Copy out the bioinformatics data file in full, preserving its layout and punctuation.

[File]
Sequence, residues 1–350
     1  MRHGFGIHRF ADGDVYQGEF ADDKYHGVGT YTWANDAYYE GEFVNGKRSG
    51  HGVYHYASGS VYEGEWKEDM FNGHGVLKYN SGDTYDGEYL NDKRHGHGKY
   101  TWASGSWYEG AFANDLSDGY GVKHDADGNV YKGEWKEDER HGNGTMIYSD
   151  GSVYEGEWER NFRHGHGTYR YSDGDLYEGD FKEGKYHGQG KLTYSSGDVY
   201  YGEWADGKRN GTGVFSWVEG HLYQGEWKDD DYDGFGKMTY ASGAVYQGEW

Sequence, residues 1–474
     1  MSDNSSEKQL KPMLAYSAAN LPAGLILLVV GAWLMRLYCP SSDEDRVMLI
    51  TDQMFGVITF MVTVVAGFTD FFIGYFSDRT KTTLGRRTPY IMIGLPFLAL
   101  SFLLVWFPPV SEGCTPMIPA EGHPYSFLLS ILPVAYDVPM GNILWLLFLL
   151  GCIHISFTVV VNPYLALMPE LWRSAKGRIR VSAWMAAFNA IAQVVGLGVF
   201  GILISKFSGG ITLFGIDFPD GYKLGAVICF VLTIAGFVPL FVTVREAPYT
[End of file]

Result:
Sequence, residues 1–350
     1  MRHGFGIHRF ADGDVYQGEF ADDKYHGVGT YTWANDAYYE GEFVNGKRSG
    51  HGVYHYASGS VYEGEWKEDM FNGHGVLKYN SGDTYDGEYL NDKRHGHGKY
   101  TWASGSWYEG AFANDLSDGY GVKHDADGNV YKGEWKEDER HGNGTMIYSD
   151  GSVYEGEWER NFRHGHGTYR YSDGDLYEGD FKEGKYHGQG KLTYSSGDVY
   201  YGEWADGKRN GTGVFSWVEG HLYQGEWKDD DYDGFGKMTY ASGAVYQGEW

Sequence, residues 1–474
     1  MSDNSSEKQL KPMLAYSAAN LPAGLILLVV GAWLMRLYCP SSDEDRVMLI
    51  TDQMFGVITF MVTVVAGFTD FFIGYFSDRT KTTLGRRTPY IMIGLPFLAL
   101  SFLLVWFPPV SEGCTPMIPA EGHPYSFLLS ILPVAYDVPM GNILWLLFLL
   151  GCIHISFTVV VNPYLALMPE LWRSAKGRIR VSAWMAAFNA IAQVVGLGVF
   201  GILISKFSGG ITLFGIDFPD GYKLGAVICF VLTIAGFVPL FVTVREAPYT